Tuesdays with Dorie: Oatmeal Breakfast Bread

August 17, 2010 at 12:06 am | Posted in breakfast things, groups, muffins & quick breads, simple cakes, sweet things, tuesdays with dorie | 22 Comments

oatmeal breakfast bread

Thank you, Natalie of Oven Love, for choosing Oatmeal Breakfast Bread for TWD!  I have dropped a couple of hints in the past that this is one recipe I’ve been itching to make…not only that, but I’m always happy when someone chooses a brekkie thing, as I kinda feel we ignore this section of the book.

I’m pleased to report that this oatmeal bread was everything I hoped it would be!  It’s really soft and nicely spiced, and completely perfect with coffee…you can cut into slices like a bread or bigger chunks like a coffee cake.  I used dried apples and pecans in mine, and baked it the night before (who wants to get up at 5am to do it, especially when it keeps so well?).  I baked a half recipe, and it took a little less time to cook than Dorie indicated for a full batch.  I can’t wait to make it again in cooler weather…a whole recipe next time, for sure!

For the recipe, see Baking: From My Home to Yours by Dorie Greenspan, or read Oven Love.  Don’t forget to check out the TWD Blogroll!

Tuesdays with Dorie: Fresh Mango Bread

May 19, 2009 at 2:47 am | Posted in breakfast things, groups, muffins & quick breads, sweet things, tuesdays with dorie | 48 Comments

fresh mango bread

This is a recipe that’s caught my eye many times while flipping through BFMHTY,  partly because it is directly opposite one of the things I most want to make (that would be Oatmeal Breakfast Bread for those in charge of next month’s selection…hehe), and partly because it just sounds a little wacky.  Well, since Kelly of Baking with the Boys picked it for TWD, it’s time to try this wacky stuff out.

When mangos are cheap and easy to find (like they are now), I usually have one on my counter…they’re great for smoothies.  So, without even having to make a trip to the store, I was good to go on the star ingredient here.  The supporting player, raisins, on the other hand, don’t usually have a place in my home, so I thought I’d play up the tropical flavors of this bread and swapped in a little chopped candied ginger instead.  Each piece was a sweet and spicy bite.

So guess what?  Mango bread is really not so wacky after all.  It’s moist and well-spiced…quite like a muffin, but in loaf form.  No pat of butter or slather of jam needed with this bread– just a big cup of coffee, and you’re good to go.

For the recipe, see Baking: From My Home to Yours by Dorie Greenspan, or read Baking with the Boys.  Don’t forget to check out the TWD Blogroll!

Tuesdays with Dorie: French Pear Tart

January 4, 2009 at 3:33 pm | Posted in groups, pies & tarts, sweet things, tuesdays with dorie | 59 Comments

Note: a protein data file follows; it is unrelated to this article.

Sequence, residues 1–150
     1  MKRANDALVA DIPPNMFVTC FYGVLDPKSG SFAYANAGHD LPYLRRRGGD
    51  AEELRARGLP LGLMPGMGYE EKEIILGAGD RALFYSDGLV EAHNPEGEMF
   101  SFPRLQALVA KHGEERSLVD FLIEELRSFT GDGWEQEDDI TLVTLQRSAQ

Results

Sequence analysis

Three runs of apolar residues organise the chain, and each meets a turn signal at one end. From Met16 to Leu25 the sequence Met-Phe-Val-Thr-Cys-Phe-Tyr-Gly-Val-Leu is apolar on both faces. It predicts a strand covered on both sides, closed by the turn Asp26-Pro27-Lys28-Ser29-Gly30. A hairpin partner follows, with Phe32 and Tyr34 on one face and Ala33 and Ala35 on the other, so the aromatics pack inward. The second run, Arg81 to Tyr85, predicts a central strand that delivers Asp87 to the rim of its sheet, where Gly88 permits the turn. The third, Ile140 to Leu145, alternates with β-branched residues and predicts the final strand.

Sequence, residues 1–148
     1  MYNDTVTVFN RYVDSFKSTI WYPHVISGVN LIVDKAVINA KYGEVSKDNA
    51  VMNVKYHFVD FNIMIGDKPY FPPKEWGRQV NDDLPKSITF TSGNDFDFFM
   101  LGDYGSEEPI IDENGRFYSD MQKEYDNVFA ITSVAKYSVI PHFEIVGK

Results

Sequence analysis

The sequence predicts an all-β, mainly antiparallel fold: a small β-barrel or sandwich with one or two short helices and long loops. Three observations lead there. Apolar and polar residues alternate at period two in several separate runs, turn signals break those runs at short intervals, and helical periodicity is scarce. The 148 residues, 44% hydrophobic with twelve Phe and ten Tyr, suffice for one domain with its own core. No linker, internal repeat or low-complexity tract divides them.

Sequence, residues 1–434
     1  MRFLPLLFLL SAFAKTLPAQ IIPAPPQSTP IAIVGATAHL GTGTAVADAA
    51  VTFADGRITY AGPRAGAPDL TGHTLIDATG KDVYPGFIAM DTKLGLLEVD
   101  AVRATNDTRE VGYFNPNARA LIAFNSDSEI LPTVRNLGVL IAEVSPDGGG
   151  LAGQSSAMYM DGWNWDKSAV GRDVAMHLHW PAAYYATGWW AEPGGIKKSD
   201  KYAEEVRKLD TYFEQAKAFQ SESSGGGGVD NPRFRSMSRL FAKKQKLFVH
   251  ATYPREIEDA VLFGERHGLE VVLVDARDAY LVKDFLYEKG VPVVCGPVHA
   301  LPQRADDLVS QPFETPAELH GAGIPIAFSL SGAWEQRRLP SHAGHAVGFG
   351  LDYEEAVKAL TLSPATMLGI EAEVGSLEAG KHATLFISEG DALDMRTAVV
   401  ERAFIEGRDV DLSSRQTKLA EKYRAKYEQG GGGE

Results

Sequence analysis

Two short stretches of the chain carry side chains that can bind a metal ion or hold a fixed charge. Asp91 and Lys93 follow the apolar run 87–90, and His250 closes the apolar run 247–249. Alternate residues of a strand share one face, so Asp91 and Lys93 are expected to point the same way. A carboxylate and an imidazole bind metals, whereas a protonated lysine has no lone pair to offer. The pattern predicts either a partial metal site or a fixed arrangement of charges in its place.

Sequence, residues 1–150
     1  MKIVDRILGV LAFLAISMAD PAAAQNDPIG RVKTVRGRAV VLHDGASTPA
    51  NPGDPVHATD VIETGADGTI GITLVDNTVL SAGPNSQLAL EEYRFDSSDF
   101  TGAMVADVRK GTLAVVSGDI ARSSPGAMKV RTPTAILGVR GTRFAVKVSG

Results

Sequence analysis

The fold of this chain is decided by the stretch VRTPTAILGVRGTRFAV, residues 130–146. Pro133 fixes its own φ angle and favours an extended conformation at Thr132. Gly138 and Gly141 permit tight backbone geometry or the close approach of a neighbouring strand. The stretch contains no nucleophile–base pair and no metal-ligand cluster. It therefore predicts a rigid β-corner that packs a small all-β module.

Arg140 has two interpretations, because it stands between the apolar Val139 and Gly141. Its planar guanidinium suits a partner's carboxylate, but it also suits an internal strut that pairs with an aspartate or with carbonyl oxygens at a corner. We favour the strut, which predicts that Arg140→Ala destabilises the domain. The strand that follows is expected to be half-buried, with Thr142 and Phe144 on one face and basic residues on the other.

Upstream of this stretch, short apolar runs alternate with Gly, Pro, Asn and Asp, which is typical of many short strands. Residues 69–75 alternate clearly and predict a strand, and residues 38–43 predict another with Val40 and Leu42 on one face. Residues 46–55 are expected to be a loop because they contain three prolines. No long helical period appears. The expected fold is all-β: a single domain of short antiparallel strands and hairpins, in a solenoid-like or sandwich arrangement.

french pear tart 

Guess what — this is my 50th Tuesdays with Dorie post!!  Seems quite appropriate that my TWD golden anniversary be celebrated with a golden dessert, chosen by none other than Dorie Greenspan herself.   Dorie has picked a French Pear Tart for the group to bake this week.

This tart is a classic French dessert.  It has three main components: pears, almond cream (frangipane) and a sweet tart dough (pâte sablée).  Dorie says that it is most acceptable to make this tart using canned pears, but here I used fresh ones, poached in a sugar syrup until deliciously soft and sweet.  Regular pie dough is flaky, but sablée is like a sweet crisp, butter cookie.  (Incidentally, we make a type of sweet tart dough at the bakery where I work.  It is affectionately referred to as “STD”…we are a classy bunch.)  When the almond cream bakes, it puffs up around the pear, becoming almost cake-like.

If you make this and poach your pears, too, please don’t throw out the poaching liquid!  I’ve learned from working in restaurants that there are a million uses for poaching liquid.  It can be made into a granita or turned into sorbet base.  It can be reduced to a thicker syrup, and used in cocktails, over ice cream or to decorate a plate (like I did here).  Or it can simply be used to poach more pears.  You can also add things to the liquid to give additional flavor, like wine, vanilla bean or whole spices.

french pear tart

I made individual tarts, which I assembled and baked off as needed, since I figured a big one would go soggy before we could get through it.  Rather than fanning out cut slices of pear, I just used one of its “cheeks” in each tartlette.  Doesn’t it look a little like a fried egg when viewed from above?  I served the baked tartlettes with a vanilla goat’s milk ice cream from Laloo’s.

For the recipe for this delicious tart, look on Dorie’s blog or in her book, Baking: From My Home to Yours  (she also has a version of  it here on Epicurious).  Don’t forget to check out the TWD Blogroll.

So, fifty recipes from BFMHTY…what are my favorites so far?  Honestly, they’ve almost all been winners, but I regularly daydream about Bill’s Big Carrot Cake and Almost-Fudge Gâteau.  What do I hope someone will pick soon?  Every month I keep my fingers crossed that Oatmeal Breakfast Bread, Coconut Tea Cake or any of the Bundts will be on our list.

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